Study Distinguishes Untreated Osteoblastic Metastases from Benign Bone Lesions Using CT Attenuation Measurements

Leesburg, VA, August 17, 2016—A team of Boston researchers found that CT attenuation measurements can be used to distinguish untreated osteoblastic (bone-related) metastases from enostoses (benign bone lesions). Based on this conclusion, some biopsies and additional radiologic studies could be avoided, according to a paper published in the August 2016 issue of the American Journal of Roentgenology .

“While imaging has become an integral part of diagnosing patients presenting with malignancy, it can be confusing when an osteoblastic lesion is identified in the presence and absence of a primary malignancy,” said Connie Y. Chang, Division of Musculoskeletal Imaging and Intervention, Department of Radiology, Massachusetts General Hospital in Boston. “As CT use has increased, the frequency of incidentally detected lesions has also increased” [1].

Chang is the corresponding author associated with the retrospective study, “Distinguished Untreated Osteoblastic Metastases from Enostoses Using CT Attenuation Measurements,” which is available through open access on ARRS ’s website at

The study group comprised 62 patients with 279 sclerotic bone lesions found at CT (126 enostoses in 37 patients and 153 metastases in 25 patients). While the authors admitted that the sample size was small, the study concluded that a mean CT attenuation of 885 Hounsfield units (HU) and a maximum attenuation of 1050 HU provide reliable thresholds below which a metastatic lesion is the favored diagnosis. The HU is a quantity commonly used in CT scanning to express CT numbers in a standardized and convenient form.1

The detection of metastatic disease is crucial because it allows accurate diagnosing and determination of prognosis and can drastically change treatment, the study said. The most common malignancy of bone is metastatic disease, affecting approximately 400,000 people in the United States each year [2, 3]. Prostate, breast, and lung cancer account for approximately 80% of skeletal metastases [2–6]. A problem arises when an osteoblastic lesion does not have typical features of a benign entity, such as an enostosis.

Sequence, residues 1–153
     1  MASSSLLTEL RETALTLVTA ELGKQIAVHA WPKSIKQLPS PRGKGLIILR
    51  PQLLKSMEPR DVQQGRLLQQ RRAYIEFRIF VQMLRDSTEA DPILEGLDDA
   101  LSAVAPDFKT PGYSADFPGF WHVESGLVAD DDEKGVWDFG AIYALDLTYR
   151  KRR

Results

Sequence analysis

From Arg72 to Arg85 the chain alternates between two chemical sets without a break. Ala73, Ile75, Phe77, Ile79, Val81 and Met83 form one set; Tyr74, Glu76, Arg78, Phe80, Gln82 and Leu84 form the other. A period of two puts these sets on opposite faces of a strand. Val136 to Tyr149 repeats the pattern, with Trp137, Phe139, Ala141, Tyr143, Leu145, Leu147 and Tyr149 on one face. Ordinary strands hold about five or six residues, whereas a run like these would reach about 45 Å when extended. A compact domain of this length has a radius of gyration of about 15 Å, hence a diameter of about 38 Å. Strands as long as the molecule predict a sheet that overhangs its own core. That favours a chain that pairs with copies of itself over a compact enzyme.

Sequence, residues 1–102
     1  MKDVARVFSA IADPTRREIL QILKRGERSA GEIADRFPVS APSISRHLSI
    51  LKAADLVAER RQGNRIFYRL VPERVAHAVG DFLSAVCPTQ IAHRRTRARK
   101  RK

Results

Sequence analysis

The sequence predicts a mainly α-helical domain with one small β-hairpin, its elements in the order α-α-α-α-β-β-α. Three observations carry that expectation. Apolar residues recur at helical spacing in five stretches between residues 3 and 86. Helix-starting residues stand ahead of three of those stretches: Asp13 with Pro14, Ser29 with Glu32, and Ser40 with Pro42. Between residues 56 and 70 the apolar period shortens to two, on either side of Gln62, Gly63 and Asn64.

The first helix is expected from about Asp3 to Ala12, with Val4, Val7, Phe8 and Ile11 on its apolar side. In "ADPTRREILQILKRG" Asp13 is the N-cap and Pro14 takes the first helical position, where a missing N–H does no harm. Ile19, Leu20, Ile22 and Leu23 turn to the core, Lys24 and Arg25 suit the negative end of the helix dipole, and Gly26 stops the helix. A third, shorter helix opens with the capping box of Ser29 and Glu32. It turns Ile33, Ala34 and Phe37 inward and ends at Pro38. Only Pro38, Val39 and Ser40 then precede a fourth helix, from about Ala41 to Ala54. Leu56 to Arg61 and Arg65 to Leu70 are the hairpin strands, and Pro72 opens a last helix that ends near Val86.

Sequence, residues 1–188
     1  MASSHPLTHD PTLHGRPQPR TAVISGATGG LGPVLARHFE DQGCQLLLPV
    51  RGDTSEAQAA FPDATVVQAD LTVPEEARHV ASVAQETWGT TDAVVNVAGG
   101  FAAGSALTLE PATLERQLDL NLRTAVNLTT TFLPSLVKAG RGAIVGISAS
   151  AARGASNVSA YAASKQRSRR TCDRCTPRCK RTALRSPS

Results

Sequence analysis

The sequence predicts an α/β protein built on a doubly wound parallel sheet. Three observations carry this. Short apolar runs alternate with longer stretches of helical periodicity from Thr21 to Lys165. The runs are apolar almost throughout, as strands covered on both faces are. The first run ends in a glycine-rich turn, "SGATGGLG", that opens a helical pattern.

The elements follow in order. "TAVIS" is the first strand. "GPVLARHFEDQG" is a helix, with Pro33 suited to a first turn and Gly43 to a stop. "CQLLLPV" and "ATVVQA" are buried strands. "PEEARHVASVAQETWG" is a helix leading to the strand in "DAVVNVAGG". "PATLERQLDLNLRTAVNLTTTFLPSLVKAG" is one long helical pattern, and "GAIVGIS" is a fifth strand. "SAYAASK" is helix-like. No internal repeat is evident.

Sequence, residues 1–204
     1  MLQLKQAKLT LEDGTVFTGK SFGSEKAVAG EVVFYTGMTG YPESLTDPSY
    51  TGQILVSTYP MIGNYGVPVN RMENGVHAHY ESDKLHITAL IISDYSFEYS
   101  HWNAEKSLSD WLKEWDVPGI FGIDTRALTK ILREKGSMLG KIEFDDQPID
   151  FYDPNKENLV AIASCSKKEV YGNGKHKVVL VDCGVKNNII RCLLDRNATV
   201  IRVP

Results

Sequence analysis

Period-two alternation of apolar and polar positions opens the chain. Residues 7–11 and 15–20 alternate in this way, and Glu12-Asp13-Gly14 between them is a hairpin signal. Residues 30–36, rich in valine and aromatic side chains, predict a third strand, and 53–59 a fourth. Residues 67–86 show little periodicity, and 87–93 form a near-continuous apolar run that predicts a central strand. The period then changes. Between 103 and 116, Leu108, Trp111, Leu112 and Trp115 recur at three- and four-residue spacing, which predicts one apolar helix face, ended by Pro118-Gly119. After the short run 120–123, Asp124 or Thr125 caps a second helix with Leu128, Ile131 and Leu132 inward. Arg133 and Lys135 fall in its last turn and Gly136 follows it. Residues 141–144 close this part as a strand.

1. Berland LL, Silverman SG, Gore RM, et al. Managing incidental findings on abdominal CT: white paper of the ACR incidental findings committee. J Am Coll Radiol 2010; 7:754–773
  2. Mavrogenis AF, Angelini A, Vottis C, et al. Modern palliative treatments for metastatic bone disease: awareness of merits, demerits and guidance. Clin J Pain 2016; 32:337–350
  3. Sutcliffe P, Connock M, Shyangdan D, Court R, Kandala N-B, Clarke A. A systematic review of evidence on malignant spinal metastases: natural history and technologies for identifying patients at high risk of vertebral fracture and spinal cord compression. Health Technol Assess 2013; 17:1–274
  4. Smith HS, Barkin RL. Painful boney metastases. Am J Ther 2014; 21:106–130
  5. Tsuya A, Fukuoka M. Bone metastases in lung cancer (in Japanese). Clin Calcium 2008; 18:455–459
  6. Janjan N. Bone metastases: approaches to management. Semin Oncol 2001; 28:28–34

1. Weerakkody, Y, Greenway, K, et al. Accessed August 15, 2016

Founded in 1900, ARRS is the first and oldest radiology society in the United States, and is an international forum for progress in radiology. The Society's mission is to improve health through a community committed to advancing knowledge and skills in radiology. ARRS achieves its mission through an annual scientific and educational meeting, publication of the American Journal of Roentgenology (AJR) and InPractice magazine, topical symposia and webinars, and print and online educational materials. ARRS is located in Leesburg, VA.